Despite being one of the most threatened species on the International Union for Nature Conservation (IUCN)'s red list, the Spanish imperial eagle (Aquila adalberti) is recovering in Spain. The species has undergone an increase from 38 pairs in 1974 to 253 in 2008, data viewed as hopeful by the scientists who carried out the demographic study on the Iberian Peninsula.
"This study shows that the species has recovered and has responded well to conservation initiatives. Although it has been known for a long time, the study shows once again that this species is highly affected by changes in adult survival rates", Santi Mañosa, one of the authors of the study and a researcher at the University of Barcelona, tells SINC.
Some of the most important reasons behind the failure of the Spanish imperial eagle (Aquila adalberti) to increase its numbers have been premature adult deaths resulting from electrocution on electricity lines and the consumption of poisons used to control predators.
Although the major threat to the birds differs from region to region in Spain, Mañosa says that habitat conservation is essential in order for the bird to be able to nest and hunt. For this reason "it is essential to manage the rabbit population well, because this is what makes up its diet during the breeding season in all areas", adds the researcher.
A textbook recovery over 30 years
The study, which has been published recently in the journal Oryx, shows that the species has recovered "spectacularly" over the past 30 years. "Things have gone well over these past decades, but this could all be lost within five or ten years if things start to go wrong. It is a question of making improvements - electricity lines continue to pose a serious threat to this species, and efforts to resolve this problem are going very slowly," the biologist tells SINC.
The research team points out that the eagle population went from 38 pairs in 1974 to 198 in 2004, with a productivity rate of between 1.19 and 1.29 chicks per female per year and an adult survival rate of between 0.92 and 0.99, according to the period. "The ongoing increase in the species' numbers over the study period was only interrupted during the 1990s, with a spike in adult mortality during this period," says Mañosa. However, the rate of increase accelerated again between 2000 and 2004, both in terms of the decline in adult deaths and juvenile mortality, and a decrease in the age at which the birds first reproduce.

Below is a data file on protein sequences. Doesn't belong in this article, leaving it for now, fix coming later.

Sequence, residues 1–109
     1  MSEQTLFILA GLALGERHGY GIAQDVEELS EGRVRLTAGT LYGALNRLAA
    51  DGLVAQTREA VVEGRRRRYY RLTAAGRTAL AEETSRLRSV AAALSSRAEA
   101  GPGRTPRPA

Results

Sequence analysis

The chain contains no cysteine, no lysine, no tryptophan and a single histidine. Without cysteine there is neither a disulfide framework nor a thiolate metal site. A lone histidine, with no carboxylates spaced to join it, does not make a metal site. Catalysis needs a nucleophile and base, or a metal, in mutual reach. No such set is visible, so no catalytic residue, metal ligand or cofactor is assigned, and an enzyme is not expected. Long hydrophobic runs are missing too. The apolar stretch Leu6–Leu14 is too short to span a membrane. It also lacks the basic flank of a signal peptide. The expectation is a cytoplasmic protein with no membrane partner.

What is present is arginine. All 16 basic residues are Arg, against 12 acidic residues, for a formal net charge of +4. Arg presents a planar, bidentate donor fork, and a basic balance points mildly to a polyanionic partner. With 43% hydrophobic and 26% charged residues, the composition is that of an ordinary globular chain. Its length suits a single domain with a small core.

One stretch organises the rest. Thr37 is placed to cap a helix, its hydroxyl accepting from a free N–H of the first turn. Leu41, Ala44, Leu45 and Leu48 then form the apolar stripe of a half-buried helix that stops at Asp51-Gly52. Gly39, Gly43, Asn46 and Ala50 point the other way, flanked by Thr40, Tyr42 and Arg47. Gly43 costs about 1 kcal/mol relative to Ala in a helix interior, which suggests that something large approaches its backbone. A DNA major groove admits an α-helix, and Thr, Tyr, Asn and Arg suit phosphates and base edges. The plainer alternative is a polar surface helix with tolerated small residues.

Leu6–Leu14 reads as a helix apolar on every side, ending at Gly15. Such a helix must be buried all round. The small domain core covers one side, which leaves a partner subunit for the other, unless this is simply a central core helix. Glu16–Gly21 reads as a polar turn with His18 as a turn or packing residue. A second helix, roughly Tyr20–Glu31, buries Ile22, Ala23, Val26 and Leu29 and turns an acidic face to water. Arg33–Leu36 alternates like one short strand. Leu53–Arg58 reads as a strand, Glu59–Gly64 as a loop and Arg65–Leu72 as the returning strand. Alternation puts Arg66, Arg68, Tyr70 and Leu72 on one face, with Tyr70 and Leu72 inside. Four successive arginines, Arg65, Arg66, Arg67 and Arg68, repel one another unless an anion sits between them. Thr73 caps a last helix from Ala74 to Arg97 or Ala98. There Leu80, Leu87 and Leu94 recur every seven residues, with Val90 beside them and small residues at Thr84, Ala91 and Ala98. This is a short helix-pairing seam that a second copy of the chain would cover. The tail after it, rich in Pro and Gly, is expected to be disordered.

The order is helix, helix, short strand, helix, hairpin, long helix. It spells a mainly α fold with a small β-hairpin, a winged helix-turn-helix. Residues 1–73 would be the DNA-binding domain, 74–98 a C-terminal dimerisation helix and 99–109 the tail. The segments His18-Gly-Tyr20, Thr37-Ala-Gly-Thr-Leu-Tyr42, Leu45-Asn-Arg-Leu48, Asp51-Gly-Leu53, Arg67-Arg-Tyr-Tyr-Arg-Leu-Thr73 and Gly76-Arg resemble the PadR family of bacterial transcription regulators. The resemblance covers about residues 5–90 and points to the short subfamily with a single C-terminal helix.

Data from the Ministry of the Environment and Rural and Marine Affairs (MARM) show that there were 253 pairs of imperial eagles in 2008. The species has experienced an increase throughout its entire area of reproduction, except in the Doñana National Park in Huelva, where the population has been seriously affected by the illegal use of poisoned bait, especially during the 1990s. "Here, the population fell from 16 reproductive pairs to just seven," Luis Mariano González, another of the study's authors and an expert in the MARM's General Directorate of Biodiversity, tells SINC.
"More important than the number of pairs reached is the trend towards recovery, which has resulted from controlling the causes of death caused by humans," says Mañosa. The scientists believe "the situation is not desperate, it is in fact encouraging, but we must not lower our guard".
Collaboration between various social agents (researchers, hunters, farmers, forest managers, the energy industry, etc.) is important to ensure the existence of "nationwide consensus between all the autonomous regions, and to regulate all those activities that could affect the species". The researchers conclude that "no group should bear the full burden of conservation - the responsibility should rather be shared by all".
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